Erikson's Eight Stages Of Human Development

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Erik Erikson was a developmental psychologist who is most recognized for his eight-stage theory based on the development of humans. Erikson first developed this theory in 1950 and the theory was initially in accordance with Sigmund Freud’s theory (Psychoanalytic theory) but disagreed with Freud that the personality of an individual is based upon early childhood experiences. Not only did Erikson disagree but he then continued to extend the initial stages of human development further into adolescence, adulthood, and old age. Whilst the fact that the article went over the initial eight stages, it’s primary focus was on the stage generativity vs. stagnation and acknowledges that generativity is the means of our society and the development of …show more content…

Even though Erikson’s theory was incorporated with Freud’s early works, he continued to branch the theory by emphasizing adolescent’s tasks of identifying development. Erikson began using a chart which was sued to describe the human development and it includes the initial eight stages. Though there were eight stages, Erikson left blank sixty-four boxes to be used as a tool and for future researchers to complete the remaining squares with drawing relationships. The initial eight stages go as follows; trust vs. mistrust, autonomy vs. shame and doubt, initiative vs. guilt, industry vs. inferiority, identity vs. identity diffusion, intimacy vs. isolation, generativity vs. stagnation, and integrity vs. despair. In analyzing the chart, it is acknowledged that each stage proceeds one another and no one bypasses the stages. However, an individual does not necessarily need to master the stage in question and revisit the stage in order to complete it thoroughly. In the second chart that was mentioned, Erikson goes more in-depth about the fifth stage; identity versus identity diffusion but adds a precursor for generativity versus stagnation; leader and followership vs. authority …show more content…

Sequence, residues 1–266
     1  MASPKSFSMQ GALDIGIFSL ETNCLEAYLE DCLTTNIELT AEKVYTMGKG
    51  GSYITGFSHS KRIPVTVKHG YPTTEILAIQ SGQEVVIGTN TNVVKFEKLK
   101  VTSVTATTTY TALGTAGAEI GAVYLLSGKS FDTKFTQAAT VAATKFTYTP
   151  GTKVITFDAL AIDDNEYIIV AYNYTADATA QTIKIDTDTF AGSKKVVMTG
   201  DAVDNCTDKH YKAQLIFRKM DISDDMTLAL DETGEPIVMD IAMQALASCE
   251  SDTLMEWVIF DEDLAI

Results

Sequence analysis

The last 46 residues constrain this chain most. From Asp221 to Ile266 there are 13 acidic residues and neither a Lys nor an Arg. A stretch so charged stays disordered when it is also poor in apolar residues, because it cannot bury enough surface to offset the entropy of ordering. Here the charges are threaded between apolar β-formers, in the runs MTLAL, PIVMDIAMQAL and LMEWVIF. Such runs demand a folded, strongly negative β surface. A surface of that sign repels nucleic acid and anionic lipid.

This stage is presented around middle adulthood and this is an important event for parenting roles and forming relationships with children. Children are in need of being taken care of while adults are needed. Generativity is making use of time and helping those around them such as the community or relationships while stagnation is the polar opposite which refers to failure in finding ways to contribute back. It is stated that everyone faces difficulties when entering parenthood and we see that not everyone comes across parenthood the same way. We see how culture takes a role in development as it is custom in the U.S for children to leave the home while in different cultures, it’s not viewed the same way. Generativity is essential for individuals and society as well. The research conducted had the concept of identity and stage developments while having an Eriksonian viewpoint. Those involved with the research take the term of identity status to describe how adolescents choose how to navigate towards finding their own identity and character. Marcia’s work in generativity in women show that those who worked alongside identity achievement, diffusion, and more are said to be pathfinders, guardians, etc. Bradley took Marcia’s concept and used it to view the adult stages of generativity and stagnation. It was shown that those who took her NEO personality inventory could be rated high

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